Psychological thrillers seem to be having their genre moment of late with seemingly every other book tagged with the “p-word” and all the authors cross-blurbing each other happily.
When done well, the shifting loyalties, paranoia and creeping sense of dread can make a plot sing with intensity. But it’s not easy. Done poorly, it can yank the reader out of the narrative and the plot can thud along unrealistically.
My recent summer reading included three new thrillers of the moment that ran the gamut from wonderful to very weird.
The new year got off to a bit of a slow start. I fell into a reading rut after the holidays. Started and stopped a number of books, never finding anything that really captured my attention. In the end, I read mostly thrillers, typical for me, but nothing that really snapped my head back.
Turned to a couple of John Milton thrillers mid-month to try to jumpstart the mojo as I knew they would be solid and propulsively plotted and would get me back in the habit of reaching for a book.
The one big outlier this month was Victoria, the book club pick this month. I put off reading this one as it fell well outside my typical fare, but I ended up really enjoying it and would recommend people give it a try.
Almost 65% of American households have an Amazon Prime membership. That’s a staggering number and I’m sure most use their membership solely for the 2-day shipping, but it offers a lot of other benefits. Based on my own unscientific study of asking friends, one benefit that is often overlooked is the ability to borrow one free Kindle Unlimited book each month. Given that the price of a lot of Kindle books can still be high, 12 free books a year is a good deal and can further help you recoup the cost of membership.
I’ll end 2017 with 63 books read. Pretty good and higher than the last few years.
I came up short on my goal to read 12 non-fiction books, only reading 7 as the second half the year I started really concentrating on learning more about story, genre, craft and doing more of my own writing again. To learn writing, you need to read and I read a lot in the mystery/crime/thriller genre.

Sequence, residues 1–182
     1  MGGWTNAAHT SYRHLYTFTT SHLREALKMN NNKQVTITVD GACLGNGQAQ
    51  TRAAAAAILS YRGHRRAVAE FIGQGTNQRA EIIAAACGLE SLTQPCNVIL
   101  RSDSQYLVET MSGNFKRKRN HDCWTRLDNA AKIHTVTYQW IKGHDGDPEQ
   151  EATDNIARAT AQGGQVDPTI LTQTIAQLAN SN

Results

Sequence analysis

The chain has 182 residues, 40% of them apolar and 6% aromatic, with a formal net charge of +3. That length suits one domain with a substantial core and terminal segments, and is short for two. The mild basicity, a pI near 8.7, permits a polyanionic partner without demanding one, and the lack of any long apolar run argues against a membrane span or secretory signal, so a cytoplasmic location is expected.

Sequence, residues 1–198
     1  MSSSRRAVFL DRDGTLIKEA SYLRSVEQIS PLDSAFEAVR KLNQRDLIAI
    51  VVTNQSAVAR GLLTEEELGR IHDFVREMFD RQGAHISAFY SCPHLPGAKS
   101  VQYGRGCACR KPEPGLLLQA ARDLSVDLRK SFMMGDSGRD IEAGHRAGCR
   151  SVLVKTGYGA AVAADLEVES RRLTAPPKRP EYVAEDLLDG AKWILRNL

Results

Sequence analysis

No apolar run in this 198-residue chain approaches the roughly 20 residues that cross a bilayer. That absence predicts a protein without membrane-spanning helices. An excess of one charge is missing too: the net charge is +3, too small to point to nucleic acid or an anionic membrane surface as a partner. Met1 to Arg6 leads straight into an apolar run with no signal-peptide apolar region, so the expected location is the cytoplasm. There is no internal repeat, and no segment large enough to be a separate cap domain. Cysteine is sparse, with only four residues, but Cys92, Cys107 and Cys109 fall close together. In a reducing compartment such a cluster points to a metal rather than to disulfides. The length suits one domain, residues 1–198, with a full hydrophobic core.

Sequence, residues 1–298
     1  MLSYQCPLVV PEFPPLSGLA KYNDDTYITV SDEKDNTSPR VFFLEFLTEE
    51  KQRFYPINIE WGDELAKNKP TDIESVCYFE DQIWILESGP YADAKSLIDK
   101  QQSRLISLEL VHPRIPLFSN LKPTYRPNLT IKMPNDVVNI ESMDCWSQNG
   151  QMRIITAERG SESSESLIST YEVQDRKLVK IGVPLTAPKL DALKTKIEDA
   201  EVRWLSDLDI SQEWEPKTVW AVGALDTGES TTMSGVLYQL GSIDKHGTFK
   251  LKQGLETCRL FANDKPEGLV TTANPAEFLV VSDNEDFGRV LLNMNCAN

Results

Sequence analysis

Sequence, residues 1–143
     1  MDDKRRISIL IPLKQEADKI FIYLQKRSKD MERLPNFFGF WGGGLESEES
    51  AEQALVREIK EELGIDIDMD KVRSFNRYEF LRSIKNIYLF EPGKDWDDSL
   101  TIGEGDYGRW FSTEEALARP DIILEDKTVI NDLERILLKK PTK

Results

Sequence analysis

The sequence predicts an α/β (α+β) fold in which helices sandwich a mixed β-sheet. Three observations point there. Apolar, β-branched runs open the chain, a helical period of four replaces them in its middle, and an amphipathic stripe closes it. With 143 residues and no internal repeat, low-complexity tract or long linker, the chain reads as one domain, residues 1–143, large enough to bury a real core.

In no particular order, these are the books that stuck with me (when you read as much as I do, if you can remember the plot after a few days, it’s the sign of a good book) and that I wouldn’t hesitate to recommend to a friend.
If you need a book to read over the holiday break or start the year right, I promise you could do much worse than any on this list.
Before we moved out to the ‘burbs, we lived in Brookline (a stubbornly independent town surrounded by Boston). There were many great things about living in Brookline and just minutes from the city: good pizza, museums, bakeries, many bars, shopping, weirdos, runners, and all the history.
By far one of the best things, for me, was the Brookline Booksmith bookstore in Coolidge Corner. I was there multiple times a week. Sometimes for events, sometimes to buy, and sometimes just to hang out with the books.
I snuck a non-fiction title in there and a few genre benders, but it was mostly more thrillers and mysteries as I slowly try to get back into writing. No NaNoWriMo this year for me, but I am using the hype to get me excited to write again. I’m working on my annual October short story and using that kickstart my way back into a full length novel over the winter. I’m aiming for 1,000 words a day or about 6k per week, however I get there. In the downtime I’m reading as much as I can.
Standouts for me this month were: Sourdough, a slim literary novel about a technology worker turned back. The Blinds, a high concept thriller executed with intelligence. The Hit, a commercial thriller from Baldacci’s backlist.
Warm weather, vacation, beaches, Cape trips all meant that I was on a fiction trip these past two months. I did keep plugging away at my non-fiction goal for the year with one non-fiction book (and it was a big one!), but it was mostly genre fiction along with a great new pizza cookbook that I added to my collection.